People come to meditation for a wide variety of reasons. Many of them see in it a relaxation technique, or a method to reduce the stress caused by daily living. Others look at it as a way to generate pleasant emotional or psychological states, like peace, harmony, and joy. Others meditate in order to experience visions or to develop psychic powers. But from a Theosophical point of view, meditation has a more transcendental aim. Although its practice may produce some of the effects described above, its real purpose is, as I. K. Taimni says,

“to bring the lower personality in conscious touch with the Higher Self, thus making it increasingly aware of its divine origin, destiny, and nature” (Taimni, 320).

Once that aim is accomplished, its practice can take the aspirant even further. Geoffrey Hodson says:

“The second objective (of meditation) is to realise that the Spiritual Self of man is forever an integral part of the Spiritual Self of the Universe” (Hodson, 3).

If one comes to meditation simply to derive physical or psychological benefits, a fairly simple practice can bring the desired results. This kind of practice is frequently suitable for people beginning to explore meditation (such as we teach in our mindfulness-based meditation weekends.) Nevertheless, while it may build the foundation for a deeper approach, in and of itself it may not be enough to enable the aspirant to get in touch with his or her true spiritual Self. In order to attain such a high aim, the practice of meditation has to fulfil certain conditions, as the whole life of the aspirant has to be gradually brought in tune with this lofty purpose. This is why the Theosophical tradition sees meditation as only a part of spiritual practice, which must be accompanied by study, service, self-knowledge, and a general effort towards self-transformation.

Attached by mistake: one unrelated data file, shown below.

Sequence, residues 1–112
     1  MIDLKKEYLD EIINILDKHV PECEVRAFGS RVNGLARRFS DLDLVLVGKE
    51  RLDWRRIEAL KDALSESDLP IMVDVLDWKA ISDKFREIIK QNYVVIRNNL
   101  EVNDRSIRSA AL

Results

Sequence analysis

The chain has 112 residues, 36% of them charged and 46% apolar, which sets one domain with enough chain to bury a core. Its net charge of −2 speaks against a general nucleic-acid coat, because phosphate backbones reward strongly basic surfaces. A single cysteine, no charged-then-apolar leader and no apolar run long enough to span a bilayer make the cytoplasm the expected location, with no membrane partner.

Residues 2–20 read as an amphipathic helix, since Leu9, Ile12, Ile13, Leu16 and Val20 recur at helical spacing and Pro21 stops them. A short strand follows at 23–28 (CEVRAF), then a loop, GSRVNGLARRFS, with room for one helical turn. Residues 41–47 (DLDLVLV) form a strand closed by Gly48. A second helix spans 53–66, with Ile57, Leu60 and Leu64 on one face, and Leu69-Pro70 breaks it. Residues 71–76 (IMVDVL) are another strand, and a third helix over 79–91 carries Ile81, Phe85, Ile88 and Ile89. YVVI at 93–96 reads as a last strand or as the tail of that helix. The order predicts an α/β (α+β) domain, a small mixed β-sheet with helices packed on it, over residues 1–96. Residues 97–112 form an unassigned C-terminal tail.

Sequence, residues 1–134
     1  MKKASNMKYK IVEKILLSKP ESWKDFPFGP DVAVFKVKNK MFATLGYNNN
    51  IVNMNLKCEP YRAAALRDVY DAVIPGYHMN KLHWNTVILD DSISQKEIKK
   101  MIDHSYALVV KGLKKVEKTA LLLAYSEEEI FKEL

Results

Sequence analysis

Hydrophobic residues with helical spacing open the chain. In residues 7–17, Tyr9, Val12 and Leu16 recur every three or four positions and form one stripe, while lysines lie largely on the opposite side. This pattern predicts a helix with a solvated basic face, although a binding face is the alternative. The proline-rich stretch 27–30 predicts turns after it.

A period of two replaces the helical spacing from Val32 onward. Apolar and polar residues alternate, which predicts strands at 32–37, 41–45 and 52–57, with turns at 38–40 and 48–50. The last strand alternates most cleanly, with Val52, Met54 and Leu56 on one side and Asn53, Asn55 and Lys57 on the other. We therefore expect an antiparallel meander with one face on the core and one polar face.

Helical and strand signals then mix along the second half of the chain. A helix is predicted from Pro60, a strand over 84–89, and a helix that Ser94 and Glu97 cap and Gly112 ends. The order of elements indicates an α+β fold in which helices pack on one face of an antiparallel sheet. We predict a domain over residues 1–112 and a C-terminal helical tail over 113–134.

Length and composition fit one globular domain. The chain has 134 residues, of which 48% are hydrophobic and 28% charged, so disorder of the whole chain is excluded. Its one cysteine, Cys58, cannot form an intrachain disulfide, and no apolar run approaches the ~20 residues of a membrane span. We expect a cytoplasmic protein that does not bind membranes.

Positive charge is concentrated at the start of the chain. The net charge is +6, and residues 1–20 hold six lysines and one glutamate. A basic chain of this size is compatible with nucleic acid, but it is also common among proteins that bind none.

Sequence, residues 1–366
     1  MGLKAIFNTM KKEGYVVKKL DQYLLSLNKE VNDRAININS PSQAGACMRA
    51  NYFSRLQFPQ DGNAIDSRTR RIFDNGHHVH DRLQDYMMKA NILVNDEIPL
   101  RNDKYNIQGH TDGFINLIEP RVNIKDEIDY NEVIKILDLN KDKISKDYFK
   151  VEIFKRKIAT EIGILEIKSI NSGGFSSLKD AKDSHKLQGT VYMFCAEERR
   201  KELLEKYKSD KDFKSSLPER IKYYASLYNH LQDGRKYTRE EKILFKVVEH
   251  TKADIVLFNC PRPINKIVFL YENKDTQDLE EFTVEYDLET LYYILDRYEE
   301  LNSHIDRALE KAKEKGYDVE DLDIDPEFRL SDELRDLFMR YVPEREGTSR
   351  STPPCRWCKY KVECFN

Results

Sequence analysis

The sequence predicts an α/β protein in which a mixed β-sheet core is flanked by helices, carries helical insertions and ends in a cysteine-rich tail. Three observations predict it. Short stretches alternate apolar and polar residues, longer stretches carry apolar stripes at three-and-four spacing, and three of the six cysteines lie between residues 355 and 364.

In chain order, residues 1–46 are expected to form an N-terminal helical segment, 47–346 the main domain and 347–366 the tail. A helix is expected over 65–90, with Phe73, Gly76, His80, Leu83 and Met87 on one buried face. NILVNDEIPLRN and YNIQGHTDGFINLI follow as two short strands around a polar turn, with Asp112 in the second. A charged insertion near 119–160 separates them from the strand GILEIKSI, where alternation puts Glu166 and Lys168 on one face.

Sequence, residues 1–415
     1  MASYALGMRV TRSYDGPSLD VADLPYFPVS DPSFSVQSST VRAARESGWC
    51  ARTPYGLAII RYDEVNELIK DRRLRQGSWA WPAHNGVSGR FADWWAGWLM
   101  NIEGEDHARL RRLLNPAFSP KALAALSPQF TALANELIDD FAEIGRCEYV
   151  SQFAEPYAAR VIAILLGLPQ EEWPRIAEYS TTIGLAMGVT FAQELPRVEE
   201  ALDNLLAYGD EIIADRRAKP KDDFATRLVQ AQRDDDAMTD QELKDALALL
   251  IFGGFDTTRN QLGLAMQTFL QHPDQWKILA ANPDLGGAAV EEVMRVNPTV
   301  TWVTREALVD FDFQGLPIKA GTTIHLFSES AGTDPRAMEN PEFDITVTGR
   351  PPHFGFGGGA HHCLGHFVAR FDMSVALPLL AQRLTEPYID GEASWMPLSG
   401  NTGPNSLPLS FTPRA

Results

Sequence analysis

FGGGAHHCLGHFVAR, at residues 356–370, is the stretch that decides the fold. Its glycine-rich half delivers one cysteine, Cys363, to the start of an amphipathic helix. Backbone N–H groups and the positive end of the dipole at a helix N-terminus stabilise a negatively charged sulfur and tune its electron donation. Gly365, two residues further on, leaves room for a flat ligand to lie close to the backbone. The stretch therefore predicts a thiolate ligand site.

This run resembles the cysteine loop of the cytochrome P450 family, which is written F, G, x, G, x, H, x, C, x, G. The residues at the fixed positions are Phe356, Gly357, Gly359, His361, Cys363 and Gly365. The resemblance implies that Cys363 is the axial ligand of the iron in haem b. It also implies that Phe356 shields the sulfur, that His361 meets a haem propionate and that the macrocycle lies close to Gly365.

(*From Quest Magazine 2010 by P. Sender)

The Voice of the Silence
by HP Blavatsky

To seekers and aspirants who are interested in the deeper aspects of leading an inner and contemplative life, commentaries are offered on Madame Blavatsky’s seminal work within the Theosophical movement, The Voice of the Silence, – a sublime treatise on meditation, service, purity and devotion, – spiritual essentials leading to liberation from this world of samsara, the true Theo Sophia or Divine Wisdom.

The book’s legitimacy as an important Buddhist text was affirmed by the Ninth Panchen Lama of Tibet (1883 – 1937) and the present Fourteenth Dalai Lama. In his foreword to a 1927 ‘Peking edition’, B. T. Chang, secretary to the Panchen Lama, said: “Madame Blavatsky had a profound knowledge of Buddhist philosophy, and the doctrines she promulgated were those of many great teachers.”